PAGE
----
Written by Art Petrosemolo
All of us who have moved into Garden Spot Village faced the daunting challenge of getting rid of “Stuff” accumulated over decades, either in one or home or many. It’s called downsizing. Everyone has stories about that task as do I.
But what no one talks about is that we seem to acquire new “stuff” here too and the fact that Lancaster County is the epicenter of auctions, flea markets, second hand shops, indoor and outdoor antique and collectible sites as well as just finding stuff along the road with a sign on it that says “free.”
I wonder if I might be back into the acquiring mode and try hard to get rid of something every time I acquire something new, but it doesn’t seem to be working. One of the things that helps keep me in check is just pure storage space…. Where do I put the new “stuff?” Can you imagine the pickle we’d be in if everyone (not just us in Sycamore Springs) had two gar garages or worse still, on-site storage garages?
What got me thinking about this recently were a number of impulse purchases I have made. My wife Tina feels it is because I have inherited the “gene” for acquiring junk. My dad, after he retired as a school principal in New Haven, Conn., took a part-time job with a company that liquidated businesses. He would spend weeks all over the country holding down the fort in closed manufacturing operations while equipment was removed. He never failed to come home with some tchotchke or trinket picked up from a desk or workplace. There were some rare finds and although I laughed then, I wish I had one or two today.
It always reminded me of the story when they unsealed the ocean liner SS United States in Norfolk, Va., in the 1980s after it sat idle since 1969 and they found everything from crew wallets to underwear left behind when the ship was suddenly taken out of service. As you know, the ship currently sits rusting at a pier in Philadelphia (I photographed for stories inside and out several times) awaiting rescue.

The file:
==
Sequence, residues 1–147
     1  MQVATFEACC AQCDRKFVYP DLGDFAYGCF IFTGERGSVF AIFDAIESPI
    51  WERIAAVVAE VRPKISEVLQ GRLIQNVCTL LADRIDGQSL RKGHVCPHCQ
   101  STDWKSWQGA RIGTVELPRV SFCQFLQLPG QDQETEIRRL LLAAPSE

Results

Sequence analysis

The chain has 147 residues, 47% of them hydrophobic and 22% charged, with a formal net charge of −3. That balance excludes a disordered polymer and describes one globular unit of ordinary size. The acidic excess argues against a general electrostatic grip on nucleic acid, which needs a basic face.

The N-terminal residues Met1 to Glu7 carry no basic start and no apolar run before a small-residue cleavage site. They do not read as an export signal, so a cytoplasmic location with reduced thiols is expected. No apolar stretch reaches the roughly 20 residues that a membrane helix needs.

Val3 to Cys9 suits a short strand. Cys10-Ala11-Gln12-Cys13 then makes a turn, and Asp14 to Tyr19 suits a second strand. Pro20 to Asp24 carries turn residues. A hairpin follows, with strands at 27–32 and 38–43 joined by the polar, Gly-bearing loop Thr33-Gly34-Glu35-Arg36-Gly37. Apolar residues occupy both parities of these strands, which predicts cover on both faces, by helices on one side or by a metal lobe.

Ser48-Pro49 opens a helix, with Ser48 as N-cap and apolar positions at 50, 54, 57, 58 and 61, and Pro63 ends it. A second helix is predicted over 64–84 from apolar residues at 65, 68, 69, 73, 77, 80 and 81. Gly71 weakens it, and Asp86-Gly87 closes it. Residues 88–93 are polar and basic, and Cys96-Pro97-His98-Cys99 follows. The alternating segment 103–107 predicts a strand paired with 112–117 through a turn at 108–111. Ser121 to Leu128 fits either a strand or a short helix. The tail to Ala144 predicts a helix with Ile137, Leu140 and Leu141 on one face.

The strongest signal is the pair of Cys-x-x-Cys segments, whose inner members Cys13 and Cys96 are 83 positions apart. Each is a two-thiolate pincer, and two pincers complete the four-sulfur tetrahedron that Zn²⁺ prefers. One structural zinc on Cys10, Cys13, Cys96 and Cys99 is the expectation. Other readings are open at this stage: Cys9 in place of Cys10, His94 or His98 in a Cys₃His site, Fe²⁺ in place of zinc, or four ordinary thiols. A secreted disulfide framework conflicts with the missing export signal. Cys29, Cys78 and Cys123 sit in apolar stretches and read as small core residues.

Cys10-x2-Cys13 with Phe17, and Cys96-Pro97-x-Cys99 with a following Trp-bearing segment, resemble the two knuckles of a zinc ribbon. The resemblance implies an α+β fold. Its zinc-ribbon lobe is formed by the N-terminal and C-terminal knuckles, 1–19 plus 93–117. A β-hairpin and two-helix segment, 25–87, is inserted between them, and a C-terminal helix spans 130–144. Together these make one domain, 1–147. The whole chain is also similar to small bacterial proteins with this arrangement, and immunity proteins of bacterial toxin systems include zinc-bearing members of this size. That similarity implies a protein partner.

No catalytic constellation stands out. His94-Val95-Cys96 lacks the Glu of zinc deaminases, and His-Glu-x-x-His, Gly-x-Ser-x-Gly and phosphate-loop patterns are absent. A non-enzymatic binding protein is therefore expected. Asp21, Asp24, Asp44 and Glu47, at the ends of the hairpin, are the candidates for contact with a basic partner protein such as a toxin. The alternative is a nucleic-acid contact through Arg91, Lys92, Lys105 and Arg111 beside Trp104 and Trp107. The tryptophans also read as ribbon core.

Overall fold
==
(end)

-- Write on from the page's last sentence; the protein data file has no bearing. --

Anyway, I digress.
So back to “stuff.” Recently, I found a recliner for my Sycamore Springs man cave on Facebook Marketplace in Mt. Joy for $40 and a small chest freezer for $80 in Honeybrook. Thankfully, friend Bob Collins has a small truck and always says yes when I ask for help to pick up stuff.
Tina and I always make at least one trip to Renninger’s, the indoor antique and flea market in Denver each winter, and Shupp’s Grove in the spring. And there are so many other places like the Leola Flea Market, local auctions (seems like there is one each day), yard sales, Goodwill (I like the one on Lancaster Avenue in Reading) and the multiple Re-Uzit shops. I came home from the New Holland Re-Uzit this week with an Eagle, oxford dress shirt. They were wonderful shirts originally made in Allentown, Pa., and competed with Gant and Sero (from my hometown New Haven, CT) and were the preppy shirts of the 1960s and 70s. It took me down memory lane to find a blue striped Eagle at Re-Uzit for $4 when I know it would have sold for $30.
But I also bought a great pair of hiking shorts there for $4 that I learned after one wearing and washing had an unrepairable wear hole so yes, the buyer has to beware. And I won’t talk about the terrible experience I had purchasing an iPhone via Facebook Marketplace.
I have also purchased (and sold) on eBay, which in the early days was primarily for people buying and selling “stuff.” I also have bought and continue to buy and sell on Craigslist. Sometimes, when you need something today from some obscure part for a tool to something you forgot you needed, scouring the web from your computer, tablet or smartphone is the way to go and I have found 99% of the time it is there and arrives within a week. And, also, most of the time, if it is not as advertised and comes from China and you ask for a refund, they don’t even want the item returned.
So, as the spring season approaches, I am preparing a list. I need some garden tools (rake, shovel, etc.) for my plot in the Sycamore Springs community garden and a special pair of New Balance sneakers I have not been able to find. And I am sure there will be a dozen other things that pop into my head. Oh, I really want a toaster oven although Tina says there is no room on the counter. I’ll find one soon and probably have to hide it in my closet.
I know you are smiling as you probably have been bitten, over the years, by the “stuff” bug and like the flu, it is hard to shake.